Stratasys is creating a 3-D printing network in V.A. hospitals: Here’s how

Share

3dprintingVA

This 3D printed hand model is for teaching, diagnosis, procedural planning. The digital file is a VA resource; hospitals can request models 3D printed on network printers for shipment. [Photo from Business Wire]

The 3D printing and additive manufacturing company Stratasys has announced that it is collaborating with the U.S. Dept. of Veterans Affairs to release one of the first 3D printing hospital networks in the U.S.

The Dept. of Veterans Affairs Center for Innovation (VACI) hopes that this collaboration will have a positive effect on patient care and doctor preparedness.

“3D printing is expected to have a direct and often immediate impact on societal well-being — with innovation having the power to dramatically shape lives and communities for the better,” said Arita Mattsoff, head of corporate social responsibility at Stratasys, in a news release. “With 3 decades of experience and a lifetime of 3D printing innovation, Stratasys is in a unique position to lead meaningful change across many important social causes.”

Stratasys is supplying 5 Veterans Affairs hospitals with 3D printers. The hospitals are in Puget Sound, Wash.; San Antonio, Texas; Albuquerque, N.M.; Orlando, Fla. and Boston. Stratasys will also supply the materials and training to develop custom orthotics, prostheses and anatomical models that are useful for personalized healthcare. The equipment will create a network for building the skills and sharing the knowledge among the hospitals with the equipment.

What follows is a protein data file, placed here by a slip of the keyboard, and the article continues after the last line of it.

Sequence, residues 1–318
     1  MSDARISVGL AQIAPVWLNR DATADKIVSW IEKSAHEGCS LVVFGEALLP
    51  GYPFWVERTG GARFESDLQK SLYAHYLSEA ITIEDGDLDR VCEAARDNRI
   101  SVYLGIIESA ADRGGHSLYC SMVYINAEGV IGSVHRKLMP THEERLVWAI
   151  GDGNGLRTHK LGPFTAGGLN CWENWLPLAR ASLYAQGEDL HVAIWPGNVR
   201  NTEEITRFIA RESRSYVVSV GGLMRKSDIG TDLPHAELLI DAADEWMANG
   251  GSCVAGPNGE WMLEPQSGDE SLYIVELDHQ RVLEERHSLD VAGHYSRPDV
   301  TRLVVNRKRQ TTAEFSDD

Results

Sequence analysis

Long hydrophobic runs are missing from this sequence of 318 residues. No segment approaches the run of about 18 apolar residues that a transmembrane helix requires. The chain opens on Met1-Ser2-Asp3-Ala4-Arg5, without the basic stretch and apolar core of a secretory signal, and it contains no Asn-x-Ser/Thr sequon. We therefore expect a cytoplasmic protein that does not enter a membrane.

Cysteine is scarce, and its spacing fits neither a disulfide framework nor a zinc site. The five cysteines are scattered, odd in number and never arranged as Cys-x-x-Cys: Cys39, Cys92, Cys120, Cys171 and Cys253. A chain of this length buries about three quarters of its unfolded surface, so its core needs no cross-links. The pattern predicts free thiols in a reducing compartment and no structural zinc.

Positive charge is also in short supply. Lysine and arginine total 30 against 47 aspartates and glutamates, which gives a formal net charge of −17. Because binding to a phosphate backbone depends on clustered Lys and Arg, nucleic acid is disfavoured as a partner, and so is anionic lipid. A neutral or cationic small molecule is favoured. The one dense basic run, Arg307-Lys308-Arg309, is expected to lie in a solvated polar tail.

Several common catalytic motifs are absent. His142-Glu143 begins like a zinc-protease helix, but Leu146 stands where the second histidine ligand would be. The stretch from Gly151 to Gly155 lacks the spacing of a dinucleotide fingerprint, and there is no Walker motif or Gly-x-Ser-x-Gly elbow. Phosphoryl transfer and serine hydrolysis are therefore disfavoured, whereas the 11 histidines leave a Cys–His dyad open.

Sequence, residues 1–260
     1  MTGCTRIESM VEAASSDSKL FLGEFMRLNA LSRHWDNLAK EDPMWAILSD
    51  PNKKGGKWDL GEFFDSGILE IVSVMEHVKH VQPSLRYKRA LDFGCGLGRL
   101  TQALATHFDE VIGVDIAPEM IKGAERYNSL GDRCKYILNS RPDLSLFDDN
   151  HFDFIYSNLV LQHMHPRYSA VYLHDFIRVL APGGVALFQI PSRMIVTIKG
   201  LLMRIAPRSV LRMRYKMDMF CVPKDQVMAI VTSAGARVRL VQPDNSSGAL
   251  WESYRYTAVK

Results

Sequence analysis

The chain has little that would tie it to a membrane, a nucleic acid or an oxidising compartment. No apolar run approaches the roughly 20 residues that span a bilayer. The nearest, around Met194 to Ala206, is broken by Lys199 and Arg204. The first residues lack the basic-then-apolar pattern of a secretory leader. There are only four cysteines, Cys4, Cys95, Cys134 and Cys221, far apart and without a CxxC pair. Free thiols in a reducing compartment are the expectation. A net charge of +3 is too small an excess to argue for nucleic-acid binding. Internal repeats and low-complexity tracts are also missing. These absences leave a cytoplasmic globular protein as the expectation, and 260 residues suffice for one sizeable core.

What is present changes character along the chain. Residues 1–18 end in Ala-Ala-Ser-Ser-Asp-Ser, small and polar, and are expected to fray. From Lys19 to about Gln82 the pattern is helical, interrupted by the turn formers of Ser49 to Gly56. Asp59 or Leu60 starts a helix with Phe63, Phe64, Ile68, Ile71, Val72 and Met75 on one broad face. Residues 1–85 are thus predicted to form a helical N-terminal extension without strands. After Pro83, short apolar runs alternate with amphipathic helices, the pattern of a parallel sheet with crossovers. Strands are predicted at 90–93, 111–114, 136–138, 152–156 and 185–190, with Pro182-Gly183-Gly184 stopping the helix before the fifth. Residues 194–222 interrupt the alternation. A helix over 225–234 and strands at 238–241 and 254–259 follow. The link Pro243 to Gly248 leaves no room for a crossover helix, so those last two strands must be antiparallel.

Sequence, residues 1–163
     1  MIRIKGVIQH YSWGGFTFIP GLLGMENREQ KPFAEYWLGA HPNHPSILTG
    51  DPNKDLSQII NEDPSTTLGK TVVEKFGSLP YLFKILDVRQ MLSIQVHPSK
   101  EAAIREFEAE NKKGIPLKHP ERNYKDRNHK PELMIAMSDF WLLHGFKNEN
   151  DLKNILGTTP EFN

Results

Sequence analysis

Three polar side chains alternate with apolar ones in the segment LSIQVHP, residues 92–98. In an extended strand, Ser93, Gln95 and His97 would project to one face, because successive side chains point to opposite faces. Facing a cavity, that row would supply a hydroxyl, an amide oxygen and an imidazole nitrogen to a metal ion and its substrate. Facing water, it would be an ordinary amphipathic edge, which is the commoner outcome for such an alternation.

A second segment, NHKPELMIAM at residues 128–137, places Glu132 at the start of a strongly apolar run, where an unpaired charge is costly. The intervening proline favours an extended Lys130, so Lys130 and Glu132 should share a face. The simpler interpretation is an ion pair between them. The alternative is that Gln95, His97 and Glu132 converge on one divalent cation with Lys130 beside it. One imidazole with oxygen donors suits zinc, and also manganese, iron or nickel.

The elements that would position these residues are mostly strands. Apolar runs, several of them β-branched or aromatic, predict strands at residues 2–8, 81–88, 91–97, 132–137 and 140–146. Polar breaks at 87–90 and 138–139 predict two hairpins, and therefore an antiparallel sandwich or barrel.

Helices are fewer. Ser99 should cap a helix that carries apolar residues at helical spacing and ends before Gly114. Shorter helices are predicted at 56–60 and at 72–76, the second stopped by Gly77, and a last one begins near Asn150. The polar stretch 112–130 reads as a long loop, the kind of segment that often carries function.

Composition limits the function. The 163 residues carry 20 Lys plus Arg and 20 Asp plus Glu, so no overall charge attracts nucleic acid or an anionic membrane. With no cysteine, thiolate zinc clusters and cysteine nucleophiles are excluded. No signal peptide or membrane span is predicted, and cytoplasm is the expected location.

“This 3D printing network is a significant step forward in how we approach patient treatments. The technology not only enables 3D models of a patient’s unique anatomy for diagnosis and treatment, but can also be used to engineer personalized health solutions for veterans — including prostheses and assistive technologies,” said Dr. Beth Ripley, PhD, a radiologist and leader of the Veterans Affairs initiative.

Stratasys’ corporate social responsibility (CSR) program is designed to establish the idea of 3D printing in young people and bring transformative medical and educational programs to communities that are underprivileged. They want to impact communities that need it the most.

“Our work with the VA exemplifies the tremendous difference additive manufacturing is making around the healthcare industry. These solutions now make it possible to not only improve patient care, but set new standards for highly personalized solutions. 3D printing today is advancing healthcare in ways that would have been nearly impossible even a decade ago,” said R. Scott Vader, PhD, general manager of healthcare solutions at Stratasys.

[Want to stay more on top of MDO content? Subscribe to our weekly e-newsletter.]

Speak Your Mind

*